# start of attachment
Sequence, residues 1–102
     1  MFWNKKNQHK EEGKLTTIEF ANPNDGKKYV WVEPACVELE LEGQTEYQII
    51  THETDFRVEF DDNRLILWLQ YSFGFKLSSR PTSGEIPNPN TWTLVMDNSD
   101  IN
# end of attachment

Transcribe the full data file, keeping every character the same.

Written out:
Sequence, residues 1–102
     1  MFWNKKNQHK EEGKLTTIEF ANPNDGKKYV WVEPACVELE LEGQTEYQII
    51  THETDFRVEF DDNRLILWLQ YSFGFKLSSR PTSGEIPNPN TWTLVMDNSD
   101  IN